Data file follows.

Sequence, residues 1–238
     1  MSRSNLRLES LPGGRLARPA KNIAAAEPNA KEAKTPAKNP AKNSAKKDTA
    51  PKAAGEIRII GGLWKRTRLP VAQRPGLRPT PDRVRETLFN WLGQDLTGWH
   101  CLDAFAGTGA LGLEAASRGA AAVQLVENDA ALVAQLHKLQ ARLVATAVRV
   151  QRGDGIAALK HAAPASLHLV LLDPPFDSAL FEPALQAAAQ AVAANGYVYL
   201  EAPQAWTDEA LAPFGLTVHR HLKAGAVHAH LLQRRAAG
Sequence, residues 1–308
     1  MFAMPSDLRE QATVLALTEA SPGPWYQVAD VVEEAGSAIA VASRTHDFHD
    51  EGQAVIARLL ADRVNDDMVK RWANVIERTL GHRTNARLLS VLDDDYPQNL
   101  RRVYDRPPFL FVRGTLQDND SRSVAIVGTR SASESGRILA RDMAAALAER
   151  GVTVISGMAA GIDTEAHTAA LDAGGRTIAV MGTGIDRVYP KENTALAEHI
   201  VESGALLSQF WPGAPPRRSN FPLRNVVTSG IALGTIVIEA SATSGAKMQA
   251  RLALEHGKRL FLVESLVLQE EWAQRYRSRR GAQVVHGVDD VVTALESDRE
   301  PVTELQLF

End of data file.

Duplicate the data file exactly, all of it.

Sequence, residues 1–238
     1  MSRSNLRLES LPGGRLARPA KNIAAAEPNA KEAKTPAKNP AKNSAKKDTA
    51  PKAAGEIRII GGLWKRTRLP VAQRPGLRPT PDRVRETLFN WLGQDLTGWH
   101  CLDAFAGTGA LGLEAASRGA AAVQLVENDA ALVAQLHKLQ ARLVATAVRV
   151  QRGDGIAALK HAAPASLHLV LLDPPFDSAL FEPALQAAAQ AVAANGYVYL
   201  EAPQAWTDEA LAPFGLTVHR HLKAGAVHAH LLQRRAAG
Sequence, residues 1–308
     1  MFAMPSDLRE QATVLALTEA SPGPWYQVAD VVEEAGSAIA VASRTHDFHD
    51  EGQAVIARLL ADRVNDDMVK RWANVIERTL GHRTNARLLS VLDDDYPQNL
   101  RRVYDRPPFL FVRGTLQDND SRSVAIVGTR SASESGRILA RDMAAALAER
   151  GVTVISGMAA GIDTEAHTAA LDAGGRTIAV MGTGIDRVYP KENTALAEHI
   201  VESGALLSQF WPGAPPRRSN FPLRNVVTSG IALGTIVIEA SATSGAKMQA
   251  RLALEHGKRL FLVESLVLQE EWAQRYRSRR GAQVVHGVDD VVTALESDRE
   301  PVTELQLF